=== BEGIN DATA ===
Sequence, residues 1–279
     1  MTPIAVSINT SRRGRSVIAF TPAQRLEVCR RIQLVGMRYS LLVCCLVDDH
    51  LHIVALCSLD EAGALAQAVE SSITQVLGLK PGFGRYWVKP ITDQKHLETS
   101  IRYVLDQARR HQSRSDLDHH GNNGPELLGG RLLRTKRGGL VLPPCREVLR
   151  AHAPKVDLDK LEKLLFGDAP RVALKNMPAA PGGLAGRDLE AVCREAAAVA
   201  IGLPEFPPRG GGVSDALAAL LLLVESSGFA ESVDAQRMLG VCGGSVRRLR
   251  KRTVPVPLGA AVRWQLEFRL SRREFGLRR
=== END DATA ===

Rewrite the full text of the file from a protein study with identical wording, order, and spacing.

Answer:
Sequence, residues 1–279
     1  MTPIAVSINT SRRGRSVIAF TPAQRLEVCR RIQLVGMRYS LLVCCLVDDH
    51  LHIVALCSLD EAGALAQAVE SSITQVLGLK PGFGRYWVKP ITDQKHLETS
   101  IRYVLDQARR HQSRSDLDHH GNNGPELLGG RLLRTKRGGL VLPPCREVLR
   151  AHAPKVDLDK LEKLLFGDAP RVALKNMPAA PGGLAGRDLE AVCREAAAVA
   201  IGLPEFPPRG GGVSDALAAL LLLVESSGFA ESVDAQRMLG VCGGSVRRLR
   251  KRTVPVPLGA AVRWQLEFRL SRREFGLRR